We all know that feeling.
That feeling when you suck in your stomach to make the button of your jeans fit through the loop, or when you take a picture and hold your breath. In this world, popularity and trends have made girls with rounder hips and thighs that kiss believe that one size can fit all.
This is false advertising. It’s a literal rip-off of women’s bodies. Morphing ourselves into clothes that can’t fit and believing the dream that advertisements sell us. Where we fit into clothes effortlessly without having to hold our breath.
It raises the question: why do we fall for the same tricks over and over? You can return a piece of clothing but there’s no return policy for the embarrassment you felt. Then again, not everyone’s round, so this doesn’t apply for those who fit this phrase, but many of us wish the warning on the tag came with a finer print of what we’re being sold: Lies.
We feed into the idea that drinking Coca-Cola can make us happier, that breath mints make you active, or getting a credit card means you can solve all your problems.
What is the correlation between these products and ideas? Between the clothes they are selling and the idea that one size fits all? Nothing, because there is no correlation.
Advertisements sell and phrases make us believe. They want to sell us the ultimate happiness but at what cost? You feel great going in to buy some clothes just to find out it doesn’t hug your skin in the comforting ways that you thought when you saw the advertisement.
Brandy Melville. A known brand especially for our students here at SAS. A line
of basic clothing that has become more and more popular over the years. There isn’t a struggle of shuffling through racks to find your size because most shoppers have the body to fit Melville’s clothing. Maybe it’s the first line of clothing to be exclusive of certain sizes. But is it the only one? It can’t be. Although their phrase says one size does fit all, the way it fits other body types proves otherwise.
One afternoon, I was walking past the countless shops in Orchard when I thought, why not interview someone who works at Melville and see what they might think of it? So I went inside the store and looked at a few selections of clothing. Instantaneously, I knew from the touch of the fabric, that they would not hug my body in a comfortable way.
I look at the fine print once again. “One Size”.
Maybe the word “fit” is a bit of a stretch.
Maybe you can put it on your body, but it looks unpleasing. I spot a worker who was observing everyone else as they pick the clothes off the racks, try them on, then throw them into plastic bins to be folded. I approach this lady and casually start a conversation. Halfway into the conversation, I tell her I’m here for the school paper and asked if she was okay with me keeping a record of our conversation. She agreed on the account of staying anonymous.
“Do a lot of people come in here and buy these clothes?,” I ask.
“Every day. These people spend loads and loads of money on these clothes, but I guess it’s because it’s simply stylish,” she adds.
“Yeah, I guess so. I don’t really shop here because most of the clothes don’t fit right, although it makes me believe otherwise,” I state.
“You have to keep in mind that it sells. It sells because you think it could fit every body type and to me, that sounds crazy. I’ve tried clothes here before because as a worker. We have to promote it by wearing it. The only thing that fit me in here was the crop top sweaters. It’s disappointing when I think of it–to cheat people,” she expresses.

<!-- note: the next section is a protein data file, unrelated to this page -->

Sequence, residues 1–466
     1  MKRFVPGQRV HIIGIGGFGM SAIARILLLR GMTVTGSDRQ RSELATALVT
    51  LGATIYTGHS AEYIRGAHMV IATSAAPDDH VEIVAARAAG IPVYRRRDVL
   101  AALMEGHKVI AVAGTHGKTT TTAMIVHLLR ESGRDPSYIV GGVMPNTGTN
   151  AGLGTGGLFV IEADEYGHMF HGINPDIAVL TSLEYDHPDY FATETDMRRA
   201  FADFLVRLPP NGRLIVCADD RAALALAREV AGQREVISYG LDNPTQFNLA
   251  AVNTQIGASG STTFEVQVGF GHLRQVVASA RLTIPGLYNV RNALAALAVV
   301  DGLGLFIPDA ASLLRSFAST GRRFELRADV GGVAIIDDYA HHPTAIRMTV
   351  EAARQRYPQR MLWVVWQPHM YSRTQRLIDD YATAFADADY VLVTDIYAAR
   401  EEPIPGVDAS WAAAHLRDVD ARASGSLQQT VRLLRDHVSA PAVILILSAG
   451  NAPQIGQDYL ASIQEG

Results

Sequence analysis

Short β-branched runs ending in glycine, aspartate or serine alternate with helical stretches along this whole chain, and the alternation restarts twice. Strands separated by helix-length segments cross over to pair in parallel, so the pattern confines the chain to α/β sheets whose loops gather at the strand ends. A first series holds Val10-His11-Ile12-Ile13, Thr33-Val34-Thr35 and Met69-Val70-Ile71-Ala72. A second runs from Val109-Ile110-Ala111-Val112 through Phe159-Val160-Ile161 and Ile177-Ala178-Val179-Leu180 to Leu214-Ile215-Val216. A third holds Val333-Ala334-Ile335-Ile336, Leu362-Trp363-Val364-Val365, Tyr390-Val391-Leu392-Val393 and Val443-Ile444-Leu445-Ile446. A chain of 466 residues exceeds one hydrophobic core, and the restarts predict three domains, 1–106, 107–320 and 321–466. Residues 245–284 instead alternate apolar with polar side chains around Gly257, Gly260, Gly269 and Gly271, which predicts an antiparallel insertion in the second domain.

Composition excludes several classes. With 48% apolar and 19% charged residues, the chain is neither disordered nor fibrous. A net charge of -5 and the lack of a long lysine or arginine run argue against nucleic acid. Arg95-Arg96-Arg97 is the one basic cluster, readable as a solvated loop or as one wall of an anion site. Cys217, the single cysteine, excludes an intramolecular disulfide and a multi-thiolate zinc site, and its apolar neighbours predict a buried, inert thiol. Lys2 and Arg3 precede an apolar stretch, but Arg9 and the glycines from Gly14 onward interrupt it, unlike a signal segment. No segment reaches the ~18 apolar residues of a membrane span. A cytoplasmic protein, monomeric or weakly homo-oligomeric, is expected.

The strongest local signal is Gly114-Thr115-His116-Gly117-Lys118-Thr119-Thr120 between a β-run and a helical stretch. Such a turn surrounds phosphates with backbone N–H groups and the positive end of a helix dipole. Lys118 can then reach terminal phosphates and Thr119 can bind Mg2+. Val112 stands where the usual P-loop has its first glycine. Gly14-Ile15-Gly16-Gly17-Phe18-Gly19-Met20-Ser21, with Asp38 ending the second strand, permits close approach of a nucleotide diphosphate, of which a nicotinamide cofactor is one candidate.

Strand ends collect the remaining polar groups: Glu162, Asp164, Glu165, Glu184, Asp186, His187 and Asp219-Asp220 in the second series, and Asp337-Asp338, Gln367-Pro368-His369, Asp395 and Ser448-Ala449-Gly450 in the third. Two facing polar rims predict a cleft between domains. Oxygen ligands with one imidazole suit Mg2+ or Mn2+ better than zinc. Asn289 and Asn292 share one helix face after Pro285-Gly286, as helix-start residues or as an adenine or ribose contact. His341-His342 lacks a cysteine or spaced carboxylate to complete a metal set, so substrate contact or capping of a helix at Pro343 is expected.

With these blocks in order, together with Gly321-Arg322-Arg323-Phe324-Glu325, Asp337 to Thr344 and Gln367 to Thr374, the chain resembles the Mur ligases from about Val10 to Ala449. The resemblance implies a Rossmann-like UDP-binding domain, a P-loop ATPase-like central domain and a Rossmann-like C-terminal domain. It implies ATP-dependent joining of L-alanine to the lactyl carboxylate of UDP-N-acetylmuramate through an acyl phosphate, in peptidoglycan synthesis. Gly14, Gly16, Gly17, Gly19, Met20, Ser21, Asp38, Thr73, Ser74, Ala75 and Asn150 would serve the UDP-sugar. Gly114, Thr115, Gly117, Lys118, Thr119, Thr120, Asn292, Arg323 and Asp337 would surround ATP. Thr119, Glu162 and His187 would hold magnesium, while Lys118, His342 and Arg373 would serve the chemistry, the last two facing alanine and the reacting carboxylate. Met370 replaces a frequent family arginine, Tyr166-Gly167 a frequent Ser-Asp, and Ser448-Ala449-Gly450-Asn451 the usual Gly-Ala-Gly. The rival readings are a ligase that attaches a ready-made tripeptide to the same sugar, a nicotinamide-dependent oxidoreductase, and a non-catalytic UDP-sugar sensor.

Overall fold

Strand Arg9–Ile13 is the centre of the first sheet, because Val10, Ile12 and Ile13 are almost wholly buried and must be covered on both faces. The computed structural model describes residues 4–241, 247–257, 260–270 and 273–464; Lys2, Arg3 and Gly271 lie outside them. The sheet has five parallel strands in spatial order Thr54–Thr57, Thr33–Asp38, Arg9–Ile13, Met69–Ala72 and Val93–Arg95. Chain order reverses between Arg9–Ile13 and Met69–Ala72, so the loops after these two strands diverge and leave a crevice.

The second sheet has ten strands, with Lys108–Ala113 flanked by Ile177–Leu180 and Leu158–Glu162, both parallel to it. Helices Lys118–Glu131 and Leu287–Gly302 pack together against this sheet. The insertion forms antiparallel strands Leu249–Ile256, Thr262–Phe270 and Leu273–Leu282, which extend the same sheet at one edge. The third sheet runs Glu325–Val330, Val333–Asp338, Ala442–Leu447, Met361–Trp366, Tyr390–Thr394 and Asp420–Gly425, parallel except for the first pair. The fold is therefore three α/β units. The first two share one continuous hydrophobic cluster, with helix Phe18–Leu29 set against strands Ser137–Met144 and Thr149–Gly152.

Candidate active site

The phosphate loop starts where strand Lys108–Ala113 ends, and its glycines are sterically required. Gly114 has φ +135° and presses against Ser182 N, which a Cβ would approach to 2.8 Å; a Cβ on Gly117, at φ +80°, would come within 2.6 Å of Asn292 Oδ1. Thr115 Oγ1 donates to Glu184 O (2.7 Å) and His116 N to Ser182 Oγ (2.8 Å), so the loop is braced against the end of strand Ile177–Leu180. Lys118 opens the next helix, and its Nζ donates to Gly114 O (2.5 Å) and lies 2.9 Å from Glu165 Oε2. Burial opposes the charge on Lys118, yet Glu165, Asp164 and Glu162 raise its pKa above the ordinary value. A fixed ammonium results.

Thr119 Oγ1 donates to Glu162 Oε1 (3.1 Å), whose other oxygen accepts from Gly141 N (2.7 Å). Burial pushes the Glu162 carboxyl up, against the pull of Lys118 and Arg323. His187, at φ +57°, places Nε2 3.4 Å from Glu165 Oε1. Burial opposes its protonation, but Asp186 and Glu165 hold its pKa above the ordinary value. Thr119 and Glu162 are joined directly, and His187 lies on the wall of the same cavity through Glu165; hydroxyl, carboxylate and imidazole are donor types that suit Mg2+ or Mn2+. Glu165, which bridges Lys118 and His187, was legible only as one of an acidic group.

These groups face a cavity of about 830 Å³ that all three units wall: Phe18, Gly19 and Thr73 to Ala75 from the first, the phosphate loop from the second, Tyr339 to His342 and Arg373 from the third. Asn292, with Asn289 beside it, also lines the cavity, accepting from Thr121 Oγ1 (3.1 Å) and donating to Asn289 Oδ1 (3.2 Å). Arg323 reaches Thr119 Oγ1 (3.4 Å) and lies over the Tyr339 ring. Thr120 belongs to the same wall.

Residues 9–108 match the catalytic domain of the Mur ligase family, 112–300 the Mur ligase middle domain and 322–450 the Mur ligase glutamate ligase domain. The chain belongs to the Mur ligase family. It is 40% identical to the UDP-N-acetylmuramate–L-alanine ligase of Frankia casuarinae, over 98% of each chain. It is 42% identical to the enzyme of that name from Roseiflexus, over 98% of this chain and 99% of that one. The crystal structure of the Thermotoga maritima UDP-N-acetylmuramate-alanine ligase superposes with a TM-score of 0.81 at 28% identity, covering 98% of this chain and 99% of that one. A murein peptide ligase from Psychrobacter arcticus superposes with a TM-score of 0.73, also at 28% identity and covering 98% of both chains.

“Is Brandy Melville the only store that’s exclusive to other sizes? I believe that it could fit the norm of Asian people; that they have tiny bodies. I don’t know anywhere else that this exists. Do you have an idea?,” I wonder as I ask her.
“Oh, but of course. I mean look at South Korea. Most of their stores have clothing that are solely one size fits all. Maybe that’s because the obesity rate is lower than the US. In South Korea, it’s harder for a woman who has a little extra weight because from what I’ve heard the starting point for a plus-size is a Korean 66, which is an 8 in the US,” she states.
“Wow, I didn’t know that. Thank you for speaking with me,” I said.
I walked back to the MRT, confused and lost in my thoughts. I went back home and started researching. In the search bar, I type “One Size Fits All, the only stores in South Korea”. I came across an article on RACKED and her facts checked out. [Article]
In the article, it states that although there are, “sweeping statements about body size are rarely accurate, there is some truth to that sentiment.”
They state that although South Korea has one of the lower rates of obesity compared to the US, it does not mean that plus size women don’t exist. The article highlights a plus-size American writer who lived in Seoul for nearly six years and described options for a plus size woman as, “garbage, acrylic nonsense that they markup.” What baffles me is the idea that, “many “plus-size” Korean women would be considered skinny by Western standards and still face a hostile, fat-shaming attitude in their own country.
By their standards, I’d be a plus size – despite being considered rather average by Western standards. Melville isn’t the culprit here, but an accomplice. An accomplice that continues to sell lies day after day. After my research, I concluded that it wasn’t fair to target Melville’s clothing solely. There are many other stores but this one was the most popular among SAS students. I completely agree that they have beautiful clothing and trendy accessories, but wouldn’t it be nice to share that with the rest of the women in this world? We have a voice and need to use it together. Otherwise, we’re no better than the culprit.